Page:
But wait just a dog gone minute. Isn’t it all the same thing? Is to appropriate to validate the assumptions people make about a person with hair like mine? Is it right to discount the strengths a person’s credentials due to their hair?

To cut or not to cut, that is the question. Should I give people the power to force me to make that decision, and if I do, have I negated a part of what it means for me to walk in my own skin?

It’s easier to deal with discrimination when it’s something that you can’t get rid of. Maybe, just maybe, it’s the reason Clarence Thomas decided to be a white man. The difference is everyone knows he’s still black.

Sadly, cutting my hair won’t change who I am, even if doing so changes perceptions involving the character of the man beneath the hair. I suppose it’s best to be true to who you are, even if it causes others to see you in a different way.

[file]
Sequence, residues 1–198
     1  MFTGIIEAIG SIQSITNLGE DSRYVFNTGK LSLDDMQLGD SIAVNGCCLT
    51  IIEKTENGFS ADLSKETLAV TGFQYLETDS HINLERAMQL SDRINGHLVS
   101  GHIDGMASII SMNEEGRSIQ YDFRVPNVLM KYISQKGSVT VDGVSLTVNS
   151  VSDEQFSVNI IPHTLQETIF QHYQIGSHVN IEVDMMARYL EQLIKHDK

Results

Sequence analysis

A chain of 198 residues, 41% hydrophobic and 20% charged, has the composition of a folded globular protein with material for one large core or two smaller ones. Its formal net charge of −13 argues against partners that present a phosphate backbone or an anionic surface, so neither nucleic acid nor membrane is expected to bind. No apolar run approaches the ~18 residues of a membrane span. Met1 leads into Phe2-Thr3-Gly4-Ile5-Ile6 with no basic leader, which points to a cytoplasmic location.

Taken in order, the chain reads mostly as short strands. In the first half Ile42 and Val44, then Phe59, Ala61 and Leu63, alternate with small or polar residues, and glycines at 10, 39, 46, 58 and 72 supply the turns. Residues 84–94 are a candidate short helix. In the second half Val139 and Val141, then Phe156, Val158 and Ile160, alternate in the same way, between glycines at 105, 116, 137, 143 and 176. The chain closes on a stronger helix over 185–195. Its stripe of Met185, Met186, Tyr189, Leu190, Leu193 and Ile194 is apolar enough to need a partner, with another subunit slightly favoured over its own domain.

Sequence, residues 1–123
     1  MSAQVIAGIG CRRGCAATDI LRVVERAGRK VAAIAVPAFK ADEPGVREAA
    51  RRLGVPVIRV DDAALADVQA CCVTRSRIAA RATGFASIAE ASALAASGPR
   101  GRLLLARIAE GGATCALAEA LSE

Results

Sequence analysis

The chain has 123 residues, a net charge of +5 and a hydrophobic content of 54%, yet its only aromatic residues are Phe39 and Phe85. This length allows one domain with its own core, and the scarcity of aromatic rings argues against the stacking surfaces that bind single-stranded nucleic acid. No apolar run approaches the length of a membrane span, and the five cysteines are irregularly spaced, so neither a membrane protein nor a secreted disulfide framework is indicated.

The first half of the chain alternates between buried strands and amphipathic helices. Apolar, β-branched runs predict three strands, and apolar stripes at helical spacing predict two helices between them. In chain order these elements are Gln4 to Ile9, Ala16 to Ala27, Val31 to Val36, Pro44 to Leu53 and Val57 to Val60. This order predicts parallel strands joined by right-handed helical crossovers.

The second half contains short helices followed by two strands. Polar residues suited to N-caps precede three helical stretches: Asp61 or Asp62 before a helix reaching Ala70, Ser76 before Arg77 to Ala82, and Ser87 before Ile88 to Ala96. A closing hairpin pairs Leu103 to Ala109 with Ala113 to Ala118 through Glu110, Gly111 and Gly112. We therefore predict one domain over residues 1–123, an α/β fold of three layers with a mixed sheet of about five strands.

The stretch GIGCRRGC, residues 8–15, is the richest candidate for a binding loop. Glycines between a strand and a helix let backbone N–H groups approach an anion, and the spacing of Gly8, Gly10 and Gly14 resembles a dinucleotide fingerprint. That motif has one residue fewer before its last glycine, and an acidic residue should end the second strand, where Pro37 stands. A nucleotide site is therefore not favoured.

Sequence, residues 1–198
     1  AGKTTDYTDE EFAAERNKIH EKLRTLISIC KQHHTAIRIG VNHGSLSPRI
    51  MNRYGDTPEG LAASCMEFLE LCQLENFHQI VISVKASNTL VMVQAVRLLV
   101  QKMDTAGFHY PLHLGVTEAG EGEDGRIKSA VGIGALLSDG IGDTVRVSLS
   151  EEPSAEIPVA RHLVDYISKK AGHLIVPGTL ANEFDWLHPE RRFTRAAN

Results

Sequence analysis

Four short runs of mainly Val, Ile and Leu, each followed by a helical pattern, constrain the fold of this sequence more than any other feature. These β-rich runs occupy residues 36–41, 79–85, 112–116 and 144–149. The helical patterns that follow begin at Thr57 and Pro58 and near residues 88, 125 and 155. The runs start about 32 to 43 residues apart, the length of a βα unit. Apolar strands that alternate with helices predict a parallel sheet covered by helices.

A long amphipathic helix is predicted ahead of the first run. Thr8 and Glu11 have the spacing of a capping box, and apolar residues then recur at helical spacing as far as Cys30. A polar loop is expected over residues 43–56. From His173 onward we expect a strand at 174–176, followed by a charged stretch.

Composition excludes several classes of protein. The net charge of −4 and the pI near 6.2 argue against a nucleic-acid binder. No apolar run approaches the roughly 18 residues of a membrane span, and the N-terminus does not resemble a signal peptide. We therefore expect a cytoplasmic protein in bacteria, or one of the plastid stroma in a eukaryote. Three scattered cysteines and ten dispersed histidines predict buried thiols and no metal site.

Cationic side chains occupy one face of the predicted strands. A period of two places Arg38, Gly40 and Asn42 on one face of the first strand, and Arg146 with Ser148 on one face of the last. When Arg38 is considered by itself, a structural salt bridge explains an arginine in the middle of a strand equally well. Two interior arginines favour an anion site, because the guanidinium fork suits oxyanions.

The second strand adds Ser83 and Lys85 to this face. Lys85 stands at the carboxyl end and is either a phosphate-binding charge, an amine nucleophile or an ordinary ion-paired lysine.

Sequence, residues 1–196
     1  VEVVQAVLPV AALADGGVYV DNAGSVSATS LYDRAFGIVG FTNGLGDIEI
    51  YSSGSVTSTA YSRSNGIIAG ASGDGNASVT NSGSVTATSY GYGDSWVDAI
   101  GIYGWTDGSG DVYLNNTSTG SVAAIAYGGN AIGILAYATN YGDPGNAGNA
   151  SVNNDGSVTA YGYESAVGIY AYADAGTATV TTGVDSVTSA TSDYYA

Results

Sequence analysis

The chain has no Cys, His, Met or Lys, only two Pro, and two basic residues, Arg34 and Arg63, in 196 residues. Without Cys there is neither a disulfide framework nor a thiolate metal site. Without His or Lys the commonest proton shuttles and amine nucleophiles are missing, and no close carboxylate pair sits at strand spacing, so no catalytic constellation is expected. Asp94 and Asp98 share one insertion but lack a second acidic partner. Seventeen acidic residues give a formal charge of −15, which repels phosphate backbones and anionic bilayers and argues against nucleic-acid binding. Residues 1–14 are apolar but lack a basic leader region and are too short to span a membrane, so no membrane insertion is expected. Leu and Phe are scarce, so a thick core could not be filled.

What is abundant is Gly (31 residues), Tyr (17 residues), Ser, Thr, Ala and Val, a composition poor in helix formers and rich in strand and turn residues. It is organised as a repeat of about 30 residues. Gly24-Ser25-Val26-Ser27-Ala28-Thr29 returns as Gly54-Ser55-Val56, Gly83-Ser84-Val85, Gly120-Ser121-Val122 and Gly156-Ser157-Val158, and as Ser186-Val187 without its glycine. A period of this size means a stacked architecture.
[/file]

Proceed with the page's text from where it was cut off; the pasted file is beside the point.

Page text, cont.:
It’s only hair, but for me it’s a spiritual decision. One more thing. I have a tattoo.


  1. As one with a part-time gig to support pastoral ministry, I sympathize (and with the hair too -- a decision I've faced occasionally over the years as well).
    Some of us are pushing the Mennonite Church to further develop a pastoral education and training model that gives quality theological grounding for part-time pastoral work in small congregations as an indefinite calling. It would aim at a de-professionalization of ministry while maintaining strong grounding and training. This kind of ministry identification as based outside of the market economy and employment framework has long precedent among Anabaptists, and many African-American churches. Though it's often been seen as a burden to endure for the past century, we may need to re-assess whether and how we might reappropriate it as an asset for churches, especially those with an egalitarian, laity-based ecclesiology.